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Please take our Tainted Meat: US Asks Russia to Lift Meat Ban…

US Asks Russia to Lift Meat Ban: Please take our Tainted Meat, because no one else will…

WASHINGTON, on February 11th 2013 has whined “What did we do!”: The US government on Monday called on Russia to lift a ban on US beef and pork imports containing the livestock feed additive ractopamine, which went into effect earlier in the day…

I have read that the US wants to talk about it, but the US was given a chance and ignored that chance…

Russia says, “We do not want the crap in our meat!” Russia says ractopamine is unsafe and dangerous, that it is imposing the ban on US meat imports containing the food additive, because the US Food Safety and Inspection Service failed to guarantee that beef and pork shipments would be free of ractopamine. Russia has waited for a response and one never came from America, where as Canada and several other countries complied and made concessions…

Once again it is an America that does no wrong and everyone is mean to her as she is so perfect and is the queen of perfection. Just listen to the stupid statement that comes out of several “foot in mouth” diseased individuals: “The United States is very disappointed that Russia has taken action to suspend all imports of US meat, which is produced to the highest safety standards in the world,” said US Trade Representative Ron Kirk and US Agriculture Secretary Tom Vilsack in a joint statement.”

Seriously? The highest safety standards in the world! Seriously? Then they do not get out much do they?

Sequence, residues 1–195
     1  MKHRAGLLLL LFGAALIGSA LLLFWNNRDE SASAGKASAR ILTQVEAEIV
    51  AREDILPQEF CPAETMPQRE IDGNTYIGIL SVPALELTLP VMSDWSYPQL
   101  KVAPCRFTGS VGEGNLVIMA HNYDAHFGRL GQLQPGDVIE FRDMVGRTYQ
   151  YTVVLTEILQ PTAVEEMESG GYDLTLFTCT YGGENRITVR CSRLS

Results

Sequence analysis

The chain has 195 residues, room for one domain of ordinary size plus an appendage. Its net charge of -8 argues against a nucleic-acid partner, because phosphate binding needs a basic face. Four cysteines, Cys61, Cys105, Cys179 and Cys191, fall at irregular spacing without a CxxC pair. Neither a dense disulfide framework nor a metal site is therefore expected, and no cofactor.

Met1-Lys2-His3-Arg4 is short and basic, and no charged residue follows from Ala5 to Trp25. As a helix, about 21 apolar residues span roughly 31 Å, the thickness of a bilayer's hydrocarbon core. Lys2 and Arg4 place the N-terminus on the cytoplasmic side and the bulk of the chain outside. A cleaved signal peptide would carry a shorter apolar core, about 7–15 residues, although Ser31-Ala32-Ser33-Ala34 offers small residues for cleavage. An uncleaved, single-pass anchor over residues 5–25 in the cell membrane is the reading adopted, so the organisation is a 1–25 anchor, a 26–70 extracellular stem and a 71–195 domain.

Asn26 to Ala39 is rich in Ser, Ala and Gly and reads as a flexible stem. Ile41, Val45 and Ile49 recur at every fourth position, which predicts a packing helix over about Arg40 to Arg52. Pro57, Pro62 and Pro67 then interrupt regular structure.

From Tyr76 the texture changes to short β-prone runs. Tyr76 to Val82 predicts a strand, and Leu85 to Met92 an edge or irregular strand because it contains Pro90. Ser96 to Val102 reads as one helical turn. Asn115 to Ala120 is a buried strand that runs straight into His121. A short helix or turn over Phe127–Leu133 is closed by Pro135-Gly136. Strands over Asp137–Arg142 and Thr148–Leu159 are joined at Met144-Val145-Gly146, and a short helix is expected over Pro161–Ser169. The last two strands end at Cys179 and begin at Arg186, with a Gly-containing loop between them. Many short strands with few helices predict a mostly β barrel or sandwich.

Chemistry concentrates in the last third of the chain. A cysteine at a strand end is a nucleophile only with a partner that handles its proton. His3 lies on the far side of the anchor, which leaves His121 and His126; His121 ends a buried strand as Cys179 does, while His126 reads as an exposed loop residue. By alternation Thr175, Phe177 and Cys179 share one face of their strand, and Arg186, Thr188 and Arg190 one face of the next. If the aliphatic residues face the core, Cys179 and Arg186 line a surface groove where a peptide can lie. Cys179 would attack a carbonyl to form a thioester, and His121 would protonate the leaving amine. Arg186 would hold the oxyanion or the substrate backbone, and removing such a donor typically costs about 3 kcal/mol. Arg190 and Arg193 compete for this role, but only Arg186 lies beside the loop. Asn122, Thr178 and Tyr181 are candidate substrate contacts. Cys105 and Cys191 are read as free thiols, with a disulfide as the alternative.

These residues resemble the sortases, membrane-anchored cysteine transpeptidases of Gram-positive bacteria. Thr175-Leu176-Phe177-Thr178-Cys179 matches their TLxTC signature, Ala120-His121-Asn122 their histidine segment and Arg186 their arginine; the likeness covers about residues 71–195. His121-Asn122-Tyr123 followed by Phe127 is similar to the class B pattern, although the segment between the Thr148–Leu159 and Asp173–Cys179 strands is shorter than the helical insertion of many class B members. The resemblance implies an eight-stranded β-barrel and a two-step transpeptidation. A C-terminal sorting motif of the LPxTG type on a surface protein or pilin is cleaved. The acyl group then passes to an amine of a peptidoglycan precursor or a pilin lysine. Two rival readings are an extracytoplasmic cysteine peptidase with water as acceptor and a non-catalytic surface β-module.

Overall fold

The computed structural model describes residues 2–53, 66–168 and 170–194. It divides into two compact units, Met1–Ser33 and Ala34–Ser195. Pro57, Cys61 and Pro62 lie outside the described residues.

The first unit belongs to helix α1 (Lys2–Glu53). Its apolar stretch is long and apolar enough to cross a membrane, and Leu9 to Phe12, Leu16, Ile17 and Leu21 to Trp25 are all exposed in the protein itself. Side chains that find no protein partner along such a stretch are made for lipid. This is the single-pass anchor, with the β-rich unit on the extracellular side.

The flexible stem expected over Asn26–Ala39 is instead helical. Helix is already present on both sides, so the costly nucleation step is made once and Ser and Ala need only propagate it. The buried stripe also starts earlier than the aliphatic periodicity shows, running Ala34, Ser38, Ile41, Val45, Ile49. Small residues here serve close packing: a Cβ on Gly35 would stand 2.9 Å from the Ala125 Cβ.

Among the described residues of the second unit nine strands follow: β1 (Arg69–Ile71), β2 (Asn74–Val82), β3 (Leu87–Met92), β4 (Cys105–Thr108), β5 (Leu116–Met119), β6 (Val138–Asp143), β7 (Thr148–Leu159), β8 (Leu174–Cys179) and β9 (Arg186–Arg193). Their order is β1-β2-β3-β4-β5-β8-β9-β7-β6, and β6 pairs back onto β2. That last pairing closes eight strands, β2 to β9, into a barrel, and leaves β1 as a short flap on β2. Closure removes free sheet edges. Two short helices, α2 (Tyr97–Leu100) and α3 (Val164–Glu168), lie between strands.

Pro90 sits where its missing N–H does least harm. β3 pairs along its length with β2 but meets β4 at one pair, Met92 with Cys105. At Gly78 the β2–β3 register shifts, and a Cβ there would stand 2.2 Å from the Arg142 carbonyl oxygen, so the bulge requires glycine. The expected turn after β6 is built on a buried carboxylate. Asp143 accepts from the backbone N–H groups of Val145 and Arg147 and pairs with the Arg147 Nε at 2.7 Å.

Now if you knew what I know and what many people know who refuse to eat food produced by American big bussiness. Then you would roll your eyes at such a flagrantly pathetic attempt at trying to convince themselves that America has safe food standards…

Russia has responded to the whining with more banning of tainted food: Russia Bans Turkey Over Ractopamine Residues…

This is interesting: The food safety standards set by the United Nations, the Codex Alimentarius Commission, allows a measurable amount of ractopamine at 10 parts per billion! Now we find out that the US Food and Drug Administration (FDA) allows the usage of a standard of 50 parts per billion… (10 parts compared to 50 parts)

That seems to be a whole bunch higher…

Ractopamine, which is used to stimulate livestock growth and make meat leaner, is prohibited in around 160 countries world wide. The drug is just not a good thing to use and most of the world agrees…

In an attempt to politicize this issue, a leading association of US pork producers said the ban is less about food safety concerns and more about reducing competition for the Russian meat industry. “This is not about food safety issues, this is about protecting the domestic product,” said National Pork Producers Council spokesman Dave Warner as he also said, “Pork is a pretty important industry for Russia, so this is about reducing the competition for their domestic pork industry,” Warner said.

The US is worried that a lucrative market is about to be shut forever and last year the US exported just over 80,000 metric tons (88,183 tons) of beef to Russia at a value of $307 million, and more than 99,000 metric tons (109,126 tons) of pork at a value of $282 million…

A country that is as far in debt as America is cannot afford to lose any trade at all…

Please Russia, keep the tainted meat out of our stores in Russia! We have plenty of good meat to eat…

Kyle Keeton
Windows to Russia…

P.S. – The food Americans are eating is “just plain horse crazy” and that is that…

One Comment